Second. The PCC’s object is essentially to resolve complaints. It should be charged with serving citizens and consumers like Ofcom and upholding the Code. Being almost completely complaint-dependent makes the PCC seem inert. It also ought to have, similarly to other regulators, a duty to promote public confidence in what it regulates.

Third. The user experience is controlled by the newspapers but the complainant has to provide all the energy.

Complaining via the PCC is much like complaining directly to a newspaper, except that correspondence is passed through the PCC. Newspapers–at least some newspapers–still make as few concessions as possible as slowly as possible.

For example, first, they deny any breach. In the next letter, they annotate their cuttings, amend the article online, or offer an unsuitable correction wording. Once you have cleared those hurdles they offer to print the correction the next time they cover the same topic, then in the first 12 pages, the first 6, the first 4… each small step another letter and another argument, usually against a trained lawyer. It is draining.

I would have preferred to give a specific example but the indefensible PCC secrecy rules prevent that.

It should not be the complainant’s job to argue over due prominence. I don’t know how much PCC staff are empowered to step in and determine such things but it’s not enough. This is why the regulator’s job needs to be upholding standards not just resolving complaints because complainants give up, either because it is tiring or because they wrongly think they have got the best offer they can get.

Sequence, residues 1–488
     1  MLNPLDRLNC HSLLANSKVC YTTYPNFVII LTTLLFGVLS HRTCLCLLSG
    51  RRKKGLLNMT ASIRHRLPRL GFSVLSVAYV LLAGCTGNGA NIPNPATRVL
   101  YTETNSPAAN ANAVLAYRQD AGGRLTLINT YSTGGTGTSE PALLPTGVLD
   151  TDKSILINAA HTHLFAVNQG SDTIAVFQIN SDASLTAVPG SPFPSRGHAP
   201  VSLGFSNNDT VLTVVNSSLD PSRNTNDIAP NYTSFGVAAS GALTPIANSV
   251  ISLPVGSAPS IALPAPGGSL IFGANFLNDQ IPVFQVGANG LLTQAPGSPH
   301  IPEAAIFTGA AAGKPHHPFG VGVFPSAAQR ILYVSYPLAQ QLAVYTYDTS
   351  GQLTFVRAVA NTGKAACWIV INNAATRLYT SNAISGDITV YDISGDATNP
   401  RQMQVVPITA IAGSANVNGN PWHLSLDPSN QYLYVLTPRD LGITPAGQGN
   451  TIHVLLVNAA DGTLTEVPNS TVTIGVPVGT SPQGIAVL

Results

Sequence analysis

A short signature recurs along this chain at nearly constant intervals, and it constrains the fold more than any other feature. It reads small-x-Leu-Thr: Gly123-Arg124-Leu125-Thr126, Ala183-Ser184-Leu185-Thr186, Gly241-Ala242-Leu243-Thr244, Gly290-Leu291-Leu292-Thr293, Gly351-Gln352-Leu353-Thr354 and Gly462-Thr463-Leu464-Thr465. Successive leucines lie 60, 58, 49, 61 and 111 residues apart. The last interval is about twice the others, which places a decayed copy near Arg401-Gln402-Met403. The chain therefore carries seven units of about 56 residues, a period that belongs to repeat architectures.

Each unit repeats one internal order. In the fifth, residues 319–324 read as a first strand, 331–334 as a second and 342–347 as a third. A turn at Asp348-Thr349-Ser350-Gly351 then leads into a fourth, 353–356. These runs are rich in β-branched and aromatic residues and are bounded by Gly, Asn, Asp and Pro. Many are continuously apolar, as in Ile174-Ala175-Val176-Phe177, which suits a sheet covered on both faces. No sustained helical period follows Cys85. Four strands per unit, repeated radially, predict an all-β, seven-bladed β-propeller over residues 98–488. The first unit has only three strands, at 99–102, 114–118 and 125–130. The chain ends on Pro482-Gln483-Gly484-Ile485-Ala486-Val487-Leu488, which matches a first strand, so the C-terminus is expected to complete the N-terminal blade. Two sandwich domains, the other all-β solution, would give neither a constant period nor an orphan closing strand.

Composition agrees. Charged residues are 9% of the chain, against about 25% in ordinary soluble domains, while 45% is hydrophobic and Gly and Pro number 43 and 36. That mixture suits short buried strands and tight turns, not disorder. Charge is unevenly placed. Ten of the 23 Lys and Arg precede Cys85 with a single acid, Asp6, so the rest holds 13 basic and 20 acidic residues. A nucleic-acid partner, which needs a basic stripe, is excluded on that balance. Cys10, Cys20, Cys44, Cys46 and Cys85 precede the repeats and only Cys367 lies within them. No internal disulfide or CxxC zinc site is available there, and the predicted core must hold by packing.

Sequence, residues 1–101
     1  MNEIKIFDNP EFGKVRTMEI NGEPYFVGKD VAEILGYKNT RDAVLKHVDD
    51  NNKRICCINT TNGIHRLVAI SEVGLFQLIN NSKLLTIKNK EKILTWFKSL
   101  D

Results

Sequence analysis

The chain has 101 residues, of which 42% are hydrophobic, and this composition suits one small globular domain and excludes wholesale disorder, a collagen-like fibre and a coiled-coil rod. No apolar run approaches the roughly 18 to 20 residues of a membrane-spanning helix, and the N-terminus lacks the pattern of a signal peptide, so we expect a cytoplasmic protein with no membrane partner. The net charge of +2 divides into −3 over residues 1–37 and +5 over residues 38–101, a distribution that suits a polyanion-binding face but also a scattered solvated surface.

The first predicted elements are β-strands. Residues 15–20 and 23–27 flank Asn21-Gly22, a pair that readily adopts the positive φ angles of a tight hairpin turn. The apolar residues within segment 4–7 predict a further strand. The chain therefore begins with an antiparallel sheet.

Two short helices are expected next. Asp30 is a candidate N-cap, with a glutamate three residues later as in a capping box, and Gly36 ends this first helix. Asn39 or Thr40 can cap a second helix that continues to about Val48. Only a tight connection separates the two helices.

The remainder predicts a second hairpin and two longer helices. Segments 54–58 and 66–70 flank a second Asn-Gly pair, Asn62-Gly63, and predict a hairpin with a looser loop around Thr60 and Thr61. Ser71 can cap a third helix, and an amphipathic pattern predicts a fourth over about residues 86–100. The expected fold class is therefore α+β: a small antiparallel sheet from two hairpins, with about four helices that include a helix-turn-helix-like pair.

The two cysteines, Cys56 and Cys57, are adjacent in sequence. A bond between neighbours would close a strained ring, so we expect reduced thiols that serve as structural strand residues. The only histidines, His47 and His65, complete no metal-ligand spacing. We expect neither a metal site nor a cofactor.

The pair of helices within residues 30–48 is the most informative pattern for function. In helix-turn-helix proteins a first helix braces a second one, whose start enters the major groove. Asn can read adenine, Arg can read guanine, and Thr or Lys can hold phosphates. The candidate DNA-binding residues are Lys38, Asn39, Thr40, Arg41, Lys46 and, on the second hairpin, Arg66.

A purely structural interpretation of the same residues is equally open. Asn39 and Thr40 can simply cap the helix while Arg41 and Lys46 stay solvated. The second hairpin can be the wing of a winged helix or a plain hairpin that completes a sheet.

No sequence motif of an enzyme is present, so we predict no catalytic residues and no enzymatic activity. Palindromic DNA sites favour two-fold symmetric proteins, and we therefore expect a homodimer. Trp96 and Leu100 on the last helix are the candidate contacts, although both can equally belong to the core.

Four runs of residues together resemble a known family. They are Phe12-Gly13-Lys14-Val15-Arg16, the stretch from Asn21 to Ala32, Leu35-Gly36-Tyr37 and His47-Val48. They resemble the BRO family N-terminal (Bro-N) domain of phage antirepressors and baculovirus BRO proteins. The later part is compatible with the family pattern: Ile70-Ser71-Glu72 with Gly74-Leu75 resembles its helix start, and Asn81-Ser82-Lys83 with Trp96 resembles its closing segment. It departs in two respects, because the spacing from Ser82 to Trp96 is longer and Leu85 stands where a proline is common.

This behaviour probably does not reflect newspapers eager to uphold the spirit of the code. The regulator needs powers to set deadlines for responses and to prevent abuse of its processes. Most important, where serious doubt has been cast on the accuracy of an article, it should be for the newspaper to justify it to the regulator, whether or not a complainant remains involved.

Because of the delays caused by publisher obstruction and its own weaknesses the PCC seems incapable of playing a useful role during election or referendum campaigns. Significant inaccuracies in three papers about the Yes campaign’s financial interest in the result were only corrected at the end of June in two cases and the end of July in one.